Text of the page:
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  1. #1
    Bronze Member BurningBushFarm's Avatar
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    Nov 2010
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    99
    Location
    WNC
    Tractor
    YM2000D

    Default Overheating

    I can't find the post I thought I just posted.

    Bush hogged today. Fun.

    Problem: Temp light came on after about 20 minutes.

    Before going out we had cleaned the screen in front of the radiator, blew out the air filter, and the level of the radiator water was fine.

    Came back inside and checked the manual and this forum.

    Will check flow @1500 rpm. Will flush it out.

    Any other suggestions?

    Thanks.

  2. #2
    Silver Member adjusterr's Avatar
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    Oct 2010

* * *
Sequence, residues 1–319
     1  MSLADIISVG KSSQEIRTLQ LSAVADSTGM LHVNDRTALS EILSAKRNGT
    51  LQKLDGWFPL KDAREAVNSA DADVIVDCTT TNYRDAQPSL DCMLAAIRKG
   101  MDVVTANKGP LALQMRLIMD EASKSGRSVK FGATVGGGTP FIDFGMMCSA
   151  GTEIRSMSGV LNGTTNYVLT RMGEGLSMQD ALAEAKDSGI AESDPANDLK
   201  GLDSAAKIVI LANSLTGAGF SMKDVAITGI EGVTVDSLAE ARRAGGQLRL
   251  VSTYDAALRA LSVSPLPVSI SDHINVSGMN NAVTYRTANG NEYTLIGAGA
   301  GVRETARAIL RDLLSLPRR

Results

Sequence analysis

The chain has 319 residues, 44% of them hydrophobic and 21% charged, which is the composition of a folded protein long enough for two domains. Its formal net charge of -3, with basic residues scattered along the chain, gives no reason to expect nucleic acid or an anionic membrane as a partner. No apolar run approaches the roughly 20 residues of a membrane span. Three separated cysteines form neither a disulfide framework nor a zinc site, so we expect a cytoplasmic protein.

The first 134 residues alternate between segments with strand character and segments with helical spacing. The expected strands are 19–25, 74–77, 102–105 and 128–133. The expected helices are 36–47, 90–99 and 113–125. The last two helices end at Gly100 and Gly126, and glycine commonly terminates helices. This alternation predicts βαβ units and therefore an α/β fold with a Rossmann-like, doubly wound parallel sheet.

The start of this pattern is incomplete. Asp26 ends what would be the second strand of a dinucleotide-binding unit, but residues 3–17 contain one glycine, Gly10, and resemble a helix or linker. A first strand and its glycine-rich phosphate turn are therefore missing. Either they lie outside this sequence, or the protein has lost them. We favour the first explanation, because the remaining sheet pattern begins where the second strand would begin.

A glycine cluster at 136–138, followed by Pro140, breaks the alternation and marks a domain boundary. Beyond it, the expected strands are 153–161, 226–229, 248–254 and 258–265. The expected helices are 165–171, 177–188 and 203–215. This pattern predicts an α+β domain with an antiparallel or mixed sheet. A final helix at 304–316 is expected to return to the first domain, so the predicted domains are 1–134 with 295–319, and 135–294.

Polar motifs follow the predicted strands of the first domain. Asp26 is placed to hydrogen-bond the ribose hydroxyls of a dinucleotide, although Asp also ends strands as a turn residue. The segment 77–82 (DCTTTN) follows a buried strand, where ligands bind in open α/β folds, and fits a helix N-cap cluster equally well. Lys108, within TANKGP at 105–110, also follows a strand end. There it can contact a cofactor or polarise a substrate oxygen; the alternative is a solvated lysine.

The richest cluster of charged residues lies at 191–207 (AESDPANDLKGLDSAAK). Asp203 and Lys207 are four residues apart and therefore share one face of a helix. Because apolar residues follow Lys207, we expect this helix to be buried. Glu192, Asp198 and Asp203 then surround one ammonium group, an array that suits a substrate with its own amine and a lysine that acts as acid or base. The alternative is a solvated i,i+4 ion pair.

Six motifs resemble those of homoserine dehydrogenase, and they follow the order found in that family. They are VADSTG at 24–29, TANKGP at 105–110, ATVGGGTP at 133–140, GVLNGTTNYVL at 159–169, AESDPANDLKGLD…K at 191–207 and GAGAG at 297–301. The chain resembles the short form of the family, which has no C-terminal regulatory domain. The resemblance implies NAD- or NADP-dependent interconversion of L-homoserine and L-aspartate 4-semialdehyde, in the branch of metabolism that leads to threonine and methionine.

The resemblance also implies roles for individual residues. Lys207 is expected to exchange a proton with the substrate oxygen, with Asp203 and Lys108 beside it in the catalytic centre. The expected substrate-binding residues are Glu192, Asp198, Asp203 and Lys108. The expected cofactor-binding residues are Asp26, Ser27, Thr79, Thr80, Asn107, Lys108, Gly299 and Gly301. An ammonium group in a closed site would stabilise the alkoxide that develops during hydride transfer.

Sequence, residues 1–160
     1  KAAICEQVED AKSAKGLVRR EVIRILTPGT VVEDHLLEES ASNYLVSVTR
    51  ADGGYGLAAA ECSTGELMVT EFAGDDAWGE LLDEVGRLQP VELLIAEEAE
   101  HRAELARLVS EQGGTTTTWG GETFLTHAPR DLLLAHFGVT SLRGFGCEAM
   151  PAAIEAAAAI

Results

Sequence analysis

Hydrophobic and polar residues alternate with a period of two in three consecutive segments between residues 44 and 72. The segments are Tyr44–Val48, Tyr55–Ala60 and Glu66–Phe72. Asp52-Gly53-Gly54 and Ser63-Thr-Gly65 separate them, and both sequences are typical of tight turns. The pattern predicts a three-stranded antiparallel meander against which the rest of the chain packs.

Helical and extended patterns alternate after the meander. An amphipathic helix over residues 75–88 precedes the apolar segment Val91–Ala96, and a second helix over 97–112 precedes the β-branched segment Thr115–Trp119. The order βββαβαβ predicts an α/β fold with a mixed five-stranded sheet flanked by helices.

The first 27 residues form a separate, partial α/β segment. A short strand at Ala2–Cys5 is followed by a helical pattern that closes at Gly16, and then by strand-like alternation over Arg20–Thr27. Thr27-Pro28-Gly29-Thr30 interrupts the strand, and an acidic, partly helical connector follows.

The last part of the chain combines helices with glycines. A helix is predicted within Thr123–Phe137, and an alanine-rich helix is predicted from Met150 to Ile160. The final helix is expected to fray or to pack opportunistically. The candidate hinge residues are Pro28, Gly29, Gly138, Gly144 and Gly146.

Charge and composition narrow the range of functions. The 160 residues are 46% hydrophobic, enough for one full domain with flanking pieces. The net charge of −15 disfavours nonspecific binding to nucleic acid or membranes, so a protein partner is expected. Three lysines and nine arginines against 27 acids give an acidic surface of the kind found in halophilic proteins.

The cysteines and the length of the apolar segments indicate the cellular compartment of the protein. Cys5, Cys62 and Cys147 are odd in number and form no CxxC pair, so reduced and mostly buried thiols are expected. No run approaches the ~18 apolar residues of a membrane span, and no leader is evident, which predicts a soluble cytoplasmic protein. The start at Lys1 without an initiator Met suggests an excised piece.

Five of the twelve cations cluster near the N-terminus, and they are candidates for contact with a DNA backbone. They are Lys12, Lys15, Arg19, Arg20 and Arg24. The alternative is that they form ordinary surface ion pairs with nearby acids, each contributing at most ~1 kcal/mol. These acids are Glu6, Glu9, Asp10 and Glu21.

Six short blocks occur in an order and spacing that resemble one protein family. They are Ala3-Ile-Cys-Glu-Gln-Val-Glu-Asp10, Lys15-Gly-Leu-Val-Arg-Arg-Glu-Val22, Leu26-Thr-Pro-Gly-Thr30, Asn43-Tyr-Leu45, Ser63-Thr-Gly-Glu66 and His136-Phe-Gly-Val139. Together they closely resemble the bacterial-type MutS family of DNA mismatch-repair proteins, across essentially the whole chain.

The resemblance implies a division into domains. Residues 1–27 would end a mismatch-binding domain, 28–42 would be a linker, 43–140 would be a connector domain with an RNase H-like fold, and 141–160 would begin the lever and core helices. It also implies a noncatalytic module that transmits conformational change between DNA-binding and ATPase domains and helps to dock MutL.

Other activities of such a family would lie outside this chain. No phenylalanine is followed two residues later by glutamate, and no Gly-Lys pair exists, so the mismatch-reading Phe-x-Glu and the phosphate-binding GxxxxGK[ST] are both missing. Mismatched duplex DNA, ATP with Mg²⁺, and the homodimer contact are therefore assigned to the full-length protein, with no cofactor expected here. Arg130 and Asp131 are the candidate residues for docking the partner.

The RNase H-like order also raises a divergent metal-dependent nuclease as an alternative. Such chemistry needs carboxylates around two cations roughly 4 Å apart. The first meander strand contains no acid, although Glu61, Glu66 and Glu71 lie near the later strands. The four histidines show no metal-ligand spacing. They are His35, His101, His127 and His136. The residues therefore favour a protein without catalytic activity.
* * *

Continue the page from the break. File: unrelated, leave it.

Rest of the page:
Posts
    236
    Location
    Western Maryland
    Tractor
    Kubota L2500 & 1010 John Deere

    Default Re: Overheating

    If what you do doesn't work, check the thermostat. The temp light will have a sending unit, that might be bad. Does the engine seem hot or is the red light simply on?

  3. #3
    Super Member California's Avatar
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    Jan 2004
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    5,747
    Location
    Sonoma County
    Tractor
    Yanmar YM240, YM186D, and another YM186D

    Default Re: Overheating

    If the overheating is real you may notice a burned smell. Don't open the radiator cap, that's the same as opening a pressure cooker! The top of the radiator shouldn't be to hot to touch for a moment unless you were running it real hard.

    Incidentally these need to be run at good speed, over 1800 rpm or preferably over 2000 to circulate coolant through the radiator when working hard. Pushing it hard at low rpm will cause overheating.

    I bought this little Harbor Freight infrared thermometer on sale under $10. Various parts of the radiator and engine show different temperatures but I've never found the radiator over 200 or the engine head over 250 except maybe right at the exhaust manifold. This can verify if you simply have a bad warning light sensor.